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Shan State tension increases as new government searches for peace

By Mizzima  •  April 5, 2016

The elusive road to peace remains entrenched in Shan State, as Myanmar’s first democratically elected civilian government took office last week.

Over the past year, the military has fought with at least six different armed groups in Shan State, the Shan Herald News Agency reported this week.

The day President Htin Kyaw took office, army troops exchanged fire with the Ta’ang National Liberation Army (TNLA), a group that didn’t even exist when former President Thein Sein became president in early 2011.

In recent months, tensions between Ethnic Armed Organizations (EAO) that signed the National Ceasefire Agreement (NCA) and those that have not signed have been increasing.

“A worrying development since the signing of the NCA has been the increased division between signatory and non-signatory EAOs,” said a report recently released by Burma Partnership (BP), an NGO led by longtime activist Khin Ohmar.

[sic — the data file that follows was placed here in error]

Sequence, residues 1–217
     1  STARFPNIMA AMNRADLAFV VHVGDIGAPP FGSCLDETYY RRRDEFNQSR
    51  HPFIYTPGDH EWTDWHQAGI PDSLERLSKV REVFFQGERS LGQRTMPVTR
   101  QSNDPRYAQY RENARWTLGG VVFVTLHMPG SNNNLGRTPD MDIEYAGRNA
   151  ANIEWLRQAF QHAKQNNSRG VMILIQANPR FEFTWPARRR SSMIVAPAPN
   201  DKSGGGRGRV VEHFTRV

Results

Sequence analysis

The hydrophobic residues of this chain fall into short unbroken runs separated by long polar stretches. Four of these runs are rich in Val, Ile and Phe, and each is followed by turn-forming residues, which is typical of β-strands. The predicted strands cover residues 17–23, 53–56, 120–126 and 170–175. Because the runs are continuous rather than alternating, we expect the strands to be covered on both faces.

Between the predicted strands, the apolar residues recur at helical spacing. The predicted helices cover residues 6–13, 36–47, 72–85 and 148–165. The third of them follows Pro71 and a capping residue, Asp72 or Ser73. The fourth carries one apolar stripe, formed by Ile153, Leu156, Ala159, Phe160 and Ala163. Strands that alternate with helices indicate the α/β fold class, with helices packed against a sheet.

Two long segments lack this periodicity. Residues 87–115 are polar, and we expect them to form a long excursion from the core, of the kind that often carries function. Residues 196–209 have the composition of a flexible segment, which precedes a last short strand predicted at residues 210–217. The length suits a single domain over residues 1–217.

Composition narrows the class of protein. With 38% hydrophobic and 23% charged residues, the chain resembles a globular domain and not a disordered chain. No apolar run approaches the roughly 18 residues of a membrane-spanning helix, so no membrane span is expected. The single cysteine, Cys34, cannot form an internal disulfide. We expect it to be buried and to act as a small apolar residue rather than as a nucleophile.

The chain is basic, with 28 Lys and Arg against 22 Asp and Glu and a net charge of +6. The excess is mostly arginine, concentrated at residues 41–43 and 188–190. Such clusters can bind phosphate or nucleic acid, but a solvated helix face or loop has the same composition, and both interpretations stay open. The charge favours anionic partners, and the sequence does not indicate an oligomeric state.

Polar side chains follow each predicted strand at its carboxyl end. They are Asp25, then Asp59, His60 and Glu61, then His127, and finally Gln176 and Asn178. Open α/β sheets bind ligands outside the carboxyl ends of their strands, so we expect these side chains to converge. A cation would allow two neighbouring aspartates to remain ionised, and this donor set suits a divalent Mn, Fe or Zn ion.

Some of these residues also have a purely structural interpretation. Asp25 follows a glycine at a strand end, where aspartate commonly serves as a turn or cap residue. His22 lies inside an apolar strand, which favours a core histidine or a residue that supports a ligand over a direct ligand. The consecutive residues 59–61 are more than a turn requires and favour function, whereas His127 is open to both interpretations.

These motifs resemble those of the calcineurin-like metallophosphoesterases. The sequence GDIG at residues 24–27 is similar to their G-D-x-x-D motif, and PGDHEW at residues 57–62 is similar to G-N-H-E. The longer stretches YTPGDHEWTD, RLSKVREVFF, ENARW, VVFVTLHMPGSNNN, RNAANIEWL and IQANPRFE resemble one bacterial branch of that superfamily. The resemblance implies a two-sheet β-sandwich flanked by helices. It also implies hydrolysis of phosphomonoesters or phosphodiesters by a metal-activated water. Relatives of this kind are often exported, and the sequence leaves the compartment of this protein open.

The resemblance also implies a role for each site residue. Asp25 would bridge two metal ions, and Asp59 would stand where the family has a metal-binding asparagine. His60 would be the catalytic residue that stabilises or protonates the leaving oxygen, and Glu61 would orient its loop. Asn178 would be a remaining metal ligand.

In the weeks leading up to the official handover of power to the National League for Democracy, the situation in northern Shan state appeared to have become even more precarious with the arrival of more military reinforcements, said the ethnic news agency.

Burma Partnership noted that the government reinforcements has put civilians under further stress.

The BP report said the number of IDPs [Indigenous Displaced Persons] as a result of armed conflict reportedly increased up to 662,000 in 2015, due to 70,000 fleeing war.

A national ceasefire agreement that ends all fighting between the government and ethnic armed groups and between ethnic groups themselves is at the top of the new government’s agenda.

View the original post here: http://mizzima.com/news-domestic/shan-state-tension-increases-new-government-searches-peace

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